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AA helping keep 5000 alcoholics sober

Alcoholics Anonymous helping keep 5000 alcoholics sober

Alcoholics Anonymous has released the results of a survey of members that shows that AA is successfully helping around 5,000 members to stay sober.

The survey undertaken in early 2004 was a census of AA’s membership and was conducted by AA members with statistical backgrounds. There have been other surveys in 1976, 1980, 1984 and 1993.

AA is a non-professional self funded organisation receiving no donations or support from outside AA. The only requirement for membership is a desire to stop drinking alcohol. Being ‘sober’ - the goal of AA - is total abstinence from alcohol.

Some of the findings of the survey include: The best estimate of members that attend meetings at least once a year was between 4600-5400. The most common first influence (for 25% of members) in coming to AA was another AA member. For those members who had been sober less than two years, the most common first influence was advice from a treatment centre. The mean (average) length of sobriety was about 7.5 years. On average, AA members had been in AA about 4 years longer than they had been sober showing that continued sobriety can take time for members. AA members on average attend between 2 and 3 meetings a week (2.5) which compares to both the United States (2 per week) and the UK (2.9 per week). Newer members are more likely to attend more meetings. Approximately 40% of AA members were female. The proportion of female members has been steadily increasing (from 22% in 1976 to 40% in 2004). This has also been the case in the United States and the United Kingdom. Roughly 60% of AA members were between 35 and 54 years old. Approximately 24% of AA members also had drug problems.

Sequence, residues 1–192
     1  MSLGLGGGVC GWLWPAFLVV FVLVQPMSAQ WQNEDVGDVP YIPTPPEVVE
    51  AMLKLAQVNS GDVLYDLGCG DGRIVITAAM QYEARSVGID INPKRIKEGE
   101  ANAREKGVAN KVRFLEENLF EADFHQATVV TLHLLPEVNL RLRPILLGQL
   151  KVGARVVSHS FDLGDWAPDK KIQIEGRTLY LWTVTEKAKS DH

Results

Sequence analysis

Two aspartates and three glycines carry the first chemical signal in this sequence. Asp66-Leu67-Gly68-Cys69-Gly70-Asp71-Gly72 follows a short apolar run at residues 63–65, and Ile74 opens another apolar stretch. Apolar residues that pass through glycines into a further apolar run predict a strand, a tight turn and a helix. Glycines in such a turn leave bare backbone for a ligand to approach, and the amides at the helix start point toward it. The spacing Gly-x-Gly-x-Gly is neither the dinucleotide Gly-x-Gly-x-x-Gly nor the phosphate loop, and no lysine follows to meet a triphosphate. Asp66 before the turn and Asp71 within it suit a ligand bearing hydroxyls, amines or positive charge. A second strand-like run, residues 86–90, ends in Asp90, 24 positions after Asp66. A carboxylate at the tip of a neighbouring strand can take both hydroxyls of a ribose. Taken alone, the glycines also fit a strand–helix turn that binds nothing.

The results released may help raise awareness of the upcoming annual Alcoholics Anonymous public information weeks from 14 to 20 and 20-27 February.

For more detail on the survey:

Information on the traditions regarding spokespeople ….. AA Preamble Alcoholics Anonymous® is a fellowship of men and women who share their experience, strength and hope with each other that they may solve their common problem and help others to recover from alcoholism. The only requirement for membership is a desire to stop drinking. There are no dues or fees for AA membership; we are self-supporting through our own contributions. AA is not allied with any sect, denomination, politics, organization or institution; does not wish to engage in any controversy, neither endorses nor opposes any causes. Our primary purpose is to stay sober and help other alcoholics to achieve sobriety.

ANONYMITY OF A.A. MEMBERS Information for media

For many years, we in A.A. have appreciated the support we have received from our friends in the media. Media have assisted in saving countless lives. We seek your continued cooperation in protecting the anonymity of our members at the public level.

We ask, therefore, that in presenting A.A. members: you use first names only you do not use pictures in which their faces may be recognized. Anonymity lies at the heart of our Fellowship and assures our members that their recovery will be private. Often, the active alcoholic will avoid any source of help which might reveal his or her identity. Alcoholics Anonymous is not affiliated with any other organization, although many have adapted A.A.’s Twelve Steps for their own use. A.A. is self-supporting, declining outside contributions; and we are non-professional, offering only the voluntary support of one alcoholic helping another.

Throughout the world, favourable media coverage has been one of the principal means of bringing alcoholics into our Fellowship. You have helped make this possible, and for that we thank you.

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